Earlier this week, we considered tinder and kindling, stepping up the scale of combustible campfire material categories. Today, we look at the largest-sized component: fuelwood.
The Merriam-Webster Dictionary quite simply defines fuelwood as “wood grown or used for fuel.” This compound word is thought to have come into use in the 14th Century.
Whereas with kindling, you are looking for twigs no larger than a pencil, with fuel wood, there isn’t an actual limit to how large a piece might be, but there are certainly practical limits. A general rule of thumb that we use in our outings is that a good size for fuel wood is about the thickness of your wrist, or, perhaps, your forearm if you’re building a larger fire. If you have pieces larger than this, they should probably be split down to a smaller size before being used to feed the fire. You’ll want your initial pieces of fuel wood to be smaller.
Where the tinder is used to alight the kindling, the kindling is used to start fuel wood on fire. Once a campfire is established, additional pieces of fuelwood can be used to sustain it.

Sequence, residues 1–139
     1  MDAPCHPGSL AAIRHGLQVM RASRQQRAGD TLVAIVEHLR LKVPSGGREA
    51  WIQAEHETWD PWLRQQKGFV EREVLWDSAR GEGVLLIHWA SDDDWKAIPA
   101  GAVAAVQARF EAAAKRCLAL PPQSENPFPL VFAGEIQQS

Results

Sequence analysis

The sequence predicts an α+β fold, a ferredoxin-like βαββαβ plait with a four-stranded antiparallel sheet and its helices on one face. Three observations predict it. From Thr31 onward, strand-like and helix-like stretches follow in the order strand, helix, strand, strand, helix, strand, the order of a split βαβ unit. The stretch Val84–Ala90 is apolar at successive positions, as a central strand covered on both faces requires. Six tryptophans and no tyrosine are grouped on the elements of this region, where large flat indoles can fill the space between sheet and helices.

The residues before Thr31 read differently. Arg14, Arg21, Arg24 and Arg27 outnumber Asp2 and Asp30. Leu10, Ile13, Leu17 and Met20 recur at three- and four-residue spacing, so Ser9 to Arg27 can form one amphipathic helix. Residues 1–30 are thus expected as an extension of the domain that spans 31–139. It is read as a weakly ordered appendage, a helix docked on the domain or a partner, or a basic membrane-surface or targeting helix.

In our last outdoors post, we looked at tinder, one of a handful of components to successfully build a fire. Today, we consider kindling.
The Merriam-Webster Dictionary defines kindling as “dry twigs, pieces of paper, etc., that burn easily and are used to start a fire.” According to the Online Etymology Dictionary, the word came into use in the 1510s as a present participle from of “kindle,” which is said to have likely originated from Old Norse “kynda.”
From the definition is sounds like a synonym for tinder, but among those who practice the skill of fire building, it is considered one size up from tinder. Tinder is the first material to be ignited. The tinder then sets afire the kindling. Where examples of tinder might be dried grass or leaves, kindling is generally thought of as twigs – sticks no bigger around than pencil.
Going one step up the size scale of combustible materials, we find fuel wood, the subject of our next post on fire building.